As soon as they started regulating their own temperature, they no longer needed the cozy environment of their isolettes and moved in together. This meant – they got their own special twin-sized cot.
I started spending a little less time at the hospital, trying to maintain my mom status at home with the two older ones who were needing me. Ok, so this is pretty much a lie. I had my mom picking up the slack for me at home – these babies were my priority. I started spending less time basically out of self-preservation. With the oral feeding being introduced, they liked to limit the “handling” of the babies, encouraging them to grow. They were eating every 2 hours, so one feed would incorporate an oral feed and the next would be what they called an “undisturbed feed” – where they would be fed through a gavage while they lay in their bed. It was excruciating – watching them sleep, knowing I couldn’t hold them for another 2 hours. The first time they told me I couldn’t hold them yet, it was all I could do to hold back the tears. So, I adjusted my schedule. I would try to get to the hospital before an oral feed so I could nurse them and hold them for as long as I could. Then I would leave to pick up Gigi from school and Zee from daycare. It was like I was a mom to two different families – I was leading a double life.
2 weeks of this and the visitor ban was finally lifted. We didn’t hesitate. Well, actually, we did. Zee was nursing a cold and we had to wait (excrutiatingly) a couple days until his cough had cleared up. I really can’t complain, because, with him having a cold, I woke up every morning in fear that I was getting sick – and yet I didn’t.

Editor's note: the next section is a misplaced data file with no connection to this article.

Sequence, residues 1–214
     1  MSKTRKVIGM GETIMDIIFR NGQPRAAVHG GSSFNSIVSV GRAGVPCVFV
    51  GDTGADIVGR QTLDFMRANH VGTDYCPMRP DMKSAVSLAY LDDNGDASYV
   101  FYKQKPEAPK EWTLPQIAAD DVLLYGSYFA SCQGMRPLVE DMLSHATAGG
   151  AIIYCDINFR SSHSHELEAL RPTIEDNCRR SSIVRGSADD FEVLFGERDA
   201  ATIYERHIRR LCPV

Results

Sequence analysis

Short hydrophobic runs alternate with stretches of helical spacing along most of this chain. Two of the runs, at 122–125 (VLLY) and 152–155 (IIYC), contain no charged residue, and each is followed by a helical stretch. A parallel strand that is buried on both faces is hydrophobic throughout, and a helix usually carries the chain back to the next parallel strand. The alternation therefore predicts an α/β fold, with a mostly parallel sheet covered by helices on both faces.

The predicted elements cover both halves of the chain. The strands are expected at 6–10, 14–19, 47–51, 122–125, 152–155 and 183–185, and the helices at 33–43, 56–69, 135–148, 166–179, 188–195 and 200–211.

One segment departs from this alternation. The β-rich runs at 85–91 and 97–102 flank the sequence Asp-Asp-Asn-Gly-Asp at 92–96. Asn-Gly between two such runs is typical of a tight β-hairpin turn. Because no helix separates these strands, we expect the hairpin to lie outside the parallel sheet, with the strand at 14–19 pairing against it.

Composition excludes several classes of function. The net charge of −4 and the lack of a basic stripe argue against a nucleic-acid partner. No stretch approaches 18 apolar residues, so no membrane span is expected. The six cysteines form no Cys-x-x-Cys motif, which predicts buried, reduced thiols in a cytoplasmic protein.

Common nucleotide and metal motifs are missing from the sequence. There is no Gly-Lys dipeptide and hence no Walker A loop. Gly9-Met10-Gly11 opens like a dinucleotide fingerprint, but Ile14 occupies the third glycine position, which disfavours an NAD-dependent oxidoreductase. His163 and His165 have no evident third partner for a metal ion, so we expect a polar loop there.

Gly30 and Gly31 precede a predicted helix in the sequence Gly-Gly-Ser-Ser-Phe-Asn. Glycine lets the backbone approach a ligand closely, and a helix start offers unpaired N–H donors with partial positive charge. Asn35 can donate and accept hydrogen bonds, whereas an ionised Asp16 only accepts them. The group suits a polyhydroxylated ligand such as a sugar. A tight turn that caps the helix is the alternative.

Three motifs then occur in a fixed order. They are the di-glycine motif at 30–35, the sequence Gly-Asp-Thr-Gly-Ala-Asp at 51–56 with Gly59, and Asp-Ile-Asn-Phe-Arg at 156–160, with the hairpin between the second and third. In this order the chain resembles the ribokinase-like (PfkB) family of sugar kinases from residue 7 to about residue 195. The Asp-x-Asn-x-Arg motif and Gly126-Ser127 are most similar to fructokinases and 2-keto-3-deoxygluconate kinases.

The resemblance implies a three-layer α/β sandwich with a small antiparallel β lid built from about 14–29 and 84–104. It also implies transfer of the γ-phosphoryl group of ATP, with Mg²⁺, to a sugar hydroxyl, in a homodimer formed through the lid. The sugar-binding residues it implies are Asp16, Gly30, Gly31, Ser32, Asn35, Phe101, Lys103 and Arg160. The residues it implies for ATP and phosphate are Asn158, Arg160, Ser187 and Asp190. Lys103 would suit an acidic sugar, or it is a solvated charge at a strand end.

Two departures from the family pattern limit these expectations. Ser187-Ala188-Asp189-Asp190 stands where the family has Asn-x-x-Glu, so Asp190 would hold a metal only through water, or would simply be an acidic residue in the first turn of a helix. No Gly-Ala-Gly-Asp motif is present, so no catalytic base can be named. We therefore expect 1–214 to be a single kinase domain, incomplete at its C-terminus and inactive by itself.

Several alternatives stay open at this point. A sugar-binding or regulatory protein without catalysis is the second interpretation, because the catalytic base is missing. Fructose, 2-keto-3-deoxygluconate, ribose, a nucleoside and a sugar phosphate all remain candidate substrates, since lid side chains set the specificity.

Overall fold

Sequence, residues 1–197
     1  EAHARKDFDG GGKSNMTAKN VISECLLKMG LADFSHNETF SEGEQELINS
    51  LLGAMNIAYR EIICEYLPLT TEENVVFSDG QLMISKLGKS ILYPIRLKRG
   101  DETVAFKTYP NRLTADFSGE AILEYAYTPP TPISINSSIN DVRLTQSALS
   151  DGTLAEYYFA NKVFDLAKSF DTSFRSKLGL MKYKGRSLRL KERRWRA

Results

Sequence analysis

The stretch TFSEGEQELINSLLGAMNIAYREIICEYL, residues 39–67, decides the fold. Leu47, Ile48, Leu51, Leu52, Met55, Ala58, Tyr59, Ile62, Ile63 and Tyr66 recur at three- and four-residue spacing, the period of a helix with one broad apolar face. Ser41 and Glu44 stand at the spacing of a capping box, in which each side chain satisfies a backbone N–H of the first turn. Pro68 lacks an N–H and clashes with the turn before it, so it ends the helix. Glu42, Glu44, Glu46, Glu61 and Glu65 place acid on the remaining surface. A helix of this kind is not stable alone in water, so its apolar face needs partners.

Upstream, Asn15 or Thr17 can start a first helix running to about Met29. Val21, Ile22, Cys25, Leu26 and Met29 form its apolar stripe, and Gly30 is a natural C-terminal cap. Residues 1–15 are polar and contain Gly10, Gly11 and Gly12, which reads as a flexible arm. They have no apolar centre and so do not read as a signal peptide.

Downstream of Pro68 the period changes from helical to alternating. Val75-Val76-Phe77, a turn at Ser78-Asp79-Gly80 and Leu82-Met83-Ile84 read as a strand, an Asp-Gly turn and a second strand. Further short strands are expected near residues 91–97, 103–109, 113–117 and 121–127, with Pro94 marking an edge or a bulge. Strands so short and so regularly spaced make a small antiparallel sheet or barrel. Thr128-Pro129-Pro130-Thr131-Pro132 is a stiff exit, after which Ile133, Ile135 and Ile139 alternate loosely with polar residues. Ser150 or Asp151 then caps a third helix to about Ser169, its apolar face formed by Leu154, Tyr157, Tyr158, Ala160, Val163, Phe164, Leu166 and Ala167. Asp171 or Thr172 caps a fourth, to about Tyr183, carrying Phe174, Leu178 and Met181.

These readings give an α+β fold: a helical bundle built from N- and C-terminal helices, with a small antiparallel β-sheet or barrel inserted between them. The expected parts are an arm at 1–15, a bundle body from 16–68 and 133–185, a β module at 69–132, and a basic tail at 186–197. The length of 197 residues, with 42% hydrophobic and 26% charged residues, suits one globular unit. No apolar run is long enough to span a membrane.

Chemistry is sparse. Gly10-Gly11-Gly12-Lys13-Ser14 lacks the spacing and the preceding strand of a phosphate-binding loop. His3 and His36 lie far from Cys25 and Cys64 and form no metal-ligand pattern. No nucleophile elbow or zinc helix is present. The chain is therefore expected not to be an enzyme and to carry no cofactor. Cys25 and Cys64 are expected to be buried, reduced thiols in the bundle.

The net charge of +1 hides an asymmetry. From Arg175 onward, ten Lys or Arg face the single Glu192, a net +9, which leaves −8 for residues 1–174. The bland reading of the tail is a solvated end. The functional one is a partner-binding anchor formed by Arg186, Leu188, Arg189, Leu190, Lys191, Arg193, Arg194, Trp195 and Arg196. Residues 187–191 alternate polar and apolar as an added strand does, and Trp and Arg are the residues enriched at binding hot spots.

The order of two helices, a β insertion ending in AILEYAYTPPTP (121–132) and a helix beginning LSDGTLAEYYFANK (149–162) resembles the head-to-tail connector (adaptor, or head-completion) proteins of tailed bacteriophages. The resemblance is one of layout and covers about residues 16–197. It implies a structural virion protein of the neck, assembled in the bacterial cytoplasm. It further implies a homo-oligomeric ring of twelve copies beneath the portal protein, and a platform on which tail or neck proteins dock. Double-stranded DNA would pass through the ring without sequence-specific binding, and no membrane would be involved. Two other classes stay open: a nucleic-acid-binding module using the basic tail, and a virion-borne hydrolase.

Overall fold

Here’s a glimpse into the fabulousness that was seeing our family together for the first time…
After this, everything seemed to get easier. We could bring the kids up anytime we wanted/needed, and my mom could finally meet her two newest grandchildren. We would go up together in the morning, just in time for the doctors daily rounds, and we would gush together over how well they were doing and how much weight they had gained that night. It was nice hearing how well your babies were doing from a whole team of doctors and nurses all at once. Of course, I had to share the babies now – that took some getting used to.
It wasn’t long before “going home” became less of a dream and more of a reality. Fin was progressing smoothly and quickly through the feeding stages, unlike his brother, who was a few stages behind. The nurses were preparing me for the idea that Fin would be coming home before his brother. I knew this was a huge possibility, as much as I prayed it away, but it was all around us in that NICU. I think every set of twins that I had come across during our stay, there had been one twin who went home before the other.